To help us out, Scripture assures us, “…that in everything God works for good with those who love him” (Rm. 8:28). Therefore, we can be sure, at least conceptually, that every single thing that happens to us will, in the final analysis, have been for the good. At least for those who possess charity (as Romans 8:28 stipulates) and persevere in it. 

Another antidote, would be to drop the other hand of the equation, namely hope of vengeance. This is also the recommendation of God Himself, as St. Paul writes:

Beloved, never avenge yourselves, but leave it to the wrath of God; for it is written, ‘Vengeance is mine, I will repay, says the Lord.” No, ‘if your enemy is hungry, feed him; if he is thirsty, give him drink; for by doing so you will heap burning coals upon his head.” Do not be overcome by evil, but overcome evil with good (Rm.12:19-20).

A third antidote is to perceive evils inflicted on us as lesser evils or preferred evils when compared to the possibility of evil in a life to come; for justice demands that every evil deed be punished; and because “even the just man falls seven times a day” (Prov. 24:16), then either now or later, we must anticipate making some sort of amends for our faults.

And the more comfortable option (to put it lightly) would be to make reparation now, as opposed to after death, as St. Anthony convincingly illustrates:

…an angel proposed to a sick man the choice of being confined to purgatory for three days, or of being condemned to a continuation of his infirmities for two years. The sick man chose the three days in purgatory ; but scarcely had an hour elapsed in that place of torments when he began to complain to the angel for having condemned him to a purgation not of three days but of several years. “What!” replied the angel, “your body is still warm on the bed of death, and you speak of having spent years in purgatory? (St. Alphonsus Ligouri, True Spouse of Christ, P. IV, Tit. XIV, C. X, 4.).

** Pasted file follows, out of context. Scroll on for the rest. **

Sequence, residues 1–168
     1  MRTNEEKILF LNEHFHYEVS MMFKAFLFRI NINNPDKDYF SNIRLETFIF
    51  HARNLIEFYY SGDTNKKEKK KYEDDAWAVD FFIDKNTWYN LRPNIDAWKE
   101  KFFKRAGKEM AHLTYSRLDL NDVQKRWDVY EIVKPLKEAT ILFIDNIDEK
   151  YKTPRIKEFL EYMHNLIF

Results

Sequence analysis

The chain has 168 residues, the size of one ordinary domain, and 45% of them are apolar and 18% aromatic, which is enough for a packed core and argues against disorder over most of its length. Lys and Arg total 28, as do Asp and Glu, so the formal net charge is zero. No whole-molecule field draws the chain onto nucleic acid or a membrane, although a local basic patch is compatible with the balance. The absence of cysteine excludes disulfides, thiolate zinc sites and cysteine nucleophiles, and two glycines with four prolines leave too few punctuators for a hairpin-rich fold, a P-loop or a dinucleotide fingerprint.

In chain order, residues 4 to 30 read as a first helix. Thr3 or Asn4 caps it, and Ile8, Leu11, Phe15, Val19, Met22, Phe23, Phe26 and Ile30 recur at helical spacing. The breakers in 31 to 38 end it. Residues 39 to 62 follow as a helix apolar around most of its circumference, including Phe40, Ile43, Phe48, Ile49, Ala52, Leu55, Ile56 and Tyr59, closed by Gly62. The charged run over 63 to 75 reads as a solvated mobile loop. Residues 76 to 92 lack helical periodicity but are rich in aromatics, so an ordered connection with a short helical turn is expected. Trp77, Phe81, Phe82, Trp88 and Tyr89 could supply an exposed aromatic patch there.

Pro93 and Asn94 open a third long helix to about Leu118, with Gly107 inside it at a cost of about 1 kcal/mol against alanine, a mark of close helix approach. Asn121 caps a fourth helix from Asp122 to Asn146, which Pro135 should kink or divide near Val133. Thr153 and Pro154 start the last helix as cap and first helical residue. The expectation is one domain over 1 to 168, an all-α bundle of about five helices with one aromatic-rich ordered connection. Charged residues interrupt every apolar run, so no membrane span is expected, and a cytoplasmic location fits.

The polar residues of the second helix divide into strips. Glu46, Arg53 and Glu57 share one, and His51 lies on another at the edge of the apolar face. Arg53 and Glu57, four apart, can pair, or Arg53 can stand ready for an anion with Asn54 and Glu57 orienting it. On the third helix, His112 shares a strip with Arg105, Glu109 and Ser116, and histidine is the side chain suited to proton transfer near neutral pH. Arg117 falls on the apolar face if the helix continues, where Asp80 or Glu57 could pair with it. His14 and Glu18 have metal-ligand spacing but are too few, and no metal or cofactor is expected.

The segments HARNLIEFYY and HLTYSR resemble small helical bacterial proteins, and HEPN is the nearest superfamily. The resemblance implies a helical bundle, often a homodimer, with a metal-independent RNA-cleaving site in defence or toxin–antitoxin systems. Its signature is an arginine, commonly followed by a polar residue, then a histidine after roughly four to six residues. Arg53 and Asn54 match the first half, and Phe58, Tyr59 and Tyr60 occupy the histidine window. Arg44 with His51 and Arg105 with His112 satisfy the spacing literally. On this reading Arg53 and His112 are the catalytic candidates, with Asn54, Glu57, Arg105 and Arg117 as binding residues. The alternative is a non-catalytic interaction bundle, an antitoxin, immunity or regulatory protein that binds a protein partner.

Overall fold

A fourth antidote, and maybe the best of the bunch, is just sheer forgetfulness. Out of sight, out of mind. How can we be angry about that which doesn’t exist, about that which has dropped into the oblivion of disregard. For sure, this is not always practically possible, but worth a real wholehearted try.

Our final antidote, placed last because it is the most difficult, is just to have an ounce of humility, as St. Thomas writes:

All the causes of anger are reduced to slight…(and) slight is opposed to a man’s excellence:…Consequently, whatever injury is inflicted on us, in so far as it is derogatory to our excellence, seems to savor of slight (ST., I-II, Q. 47, A.2).

Therefore, the greater we are in our own eyes, the easier it is to believe we’re being treated unfairly. The opposite is also true, the lesser we are in our own eyes, the less-nicely we can be treated while remaining calm. It’s easier said than done; yet, discovering that one is proud, is half the battle towards obtaining humility.

Angry about Anger

What are we so angry about, anyway? Maybe, anger is too strong a word to describe our day-to-day annoyances. Nonetheless, when we feel an anger-like ailment coming upon us, let us remember these aforesaid antidotes.

And when the going gets tough, let us remember that we’re never without Help.